The Department interprets the statutory prohibition against unfair or deceptive practices to cover actions by airlines and ticket agents applying changes retroactively to their refund policies that affect consumers negatively. The refund policy in place at the time the passenger purchased the ticket is the policy that is applicable to that ticket. The Aviation Enforcement Office would consider the denial of refunds in contravention of the policies that were in effect at the time of the ticket purchase to be an unfair and deceptive practice.7
5. May airlines or ticket agents offer credits or vouchers to consumers in lieu of refunds?
Airlines and ticket agents can offer consumers alternatives to a refund, such as credits or vouchers, so long as the option of a refund is also offered and clearly disclosed if the passenger is entitled to a refund. Further, any restrictions that apply to the credits and vouchers, such as the period in which credits must be used or any fees charged for using the credit, must be clearly disclosed to consumers. If an airline, by representation or omission, engages in conduct that is likely to mislead consumers about their right to a refund, or the value of a voucher or credit that is offered, the Aviation Enforcement Office would deem such conduct to be a deceptive practice.8
6. How quickly must airlines and ticket agents process refunds?
Airlines and ticket agents are required to make refunds promptly. For airlines, prompt is defined as being within 7 business days if a passenger paid by credit card, and within 20 days if a passenger paid by cash or check. 9 For ticket agents, prompt is not defined.10 The Aviation Enforcement Office recognizes that, given the significant volume of refund requests resulting from the COVID-19 public health emergency, processing refunds may take longer than normal and will determine the timeliness of refund processing for ticket agents based on the totality of the circumstances, such as the volume of incoming refund requests and steps taken to address the increased volume. Also, the Aviation Enforcement Office will use its enforcement discretion and not take action against airlines for not processing refunds within the required timeframes if, under the totality of the circumstances, they are making good faith efforts to provide refunds in a timely manner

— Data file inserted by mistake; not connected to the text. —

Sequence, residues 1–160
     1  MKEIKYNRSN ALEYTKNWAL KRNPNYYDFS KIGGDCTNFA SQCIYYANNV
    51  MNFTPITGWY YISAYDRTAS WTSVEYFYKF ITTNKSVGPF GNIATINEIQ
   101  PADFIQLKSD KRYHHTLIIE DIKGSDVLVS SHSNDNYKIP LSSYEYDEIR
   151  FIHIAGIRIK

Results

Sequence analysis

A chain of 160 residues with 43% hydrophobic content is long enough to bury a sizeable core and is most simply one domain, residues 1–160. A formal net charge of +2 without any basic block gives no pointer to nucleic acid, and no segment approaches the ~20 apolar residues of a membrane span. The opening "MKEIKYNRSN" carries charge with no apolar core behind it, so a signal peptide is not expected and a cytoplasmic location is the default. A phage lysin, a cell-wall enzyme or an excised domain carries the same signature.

Enforcement Notice in PDF:
Some U.S. based airlines such as American and United have tried to redefine what cancellation or delay means by updating their Contract of Carriages.
The airline may no longer consider flight cancellation a cancellation if they rebook you to another flight within six hours. Nonsense.
You have to keep in mind that you are not eligible for a refund on a non-refundable ticket for a flight that operates even if you are not allowed to enter the intended destination. Some airlines are doing a favor for you by issuing a voucher or an airline credit.
You do have a right to get a refund for a flight that an airline cancels or changes the schedule. I would say that overall U.S. based airlines have been quite good at refunding, but cannot say the same about the OTAs.
Expedia Group claims that they are not allowed to issue refunds for canceled flights to/from/via the United States (based on my personal experiences).
There are three or four complaints that I have filed against British Airways, Emirates, American Airlines, and KLM + Orbitz (an OTA I have used to ticket these purchases) over the past two months. I almost feel that Expedia Group gets paid by the airlines for all the refunds they don’t correctly process. There is so much nonsense that I have heard from their agents regarding refunds for flights that airlines have canceled.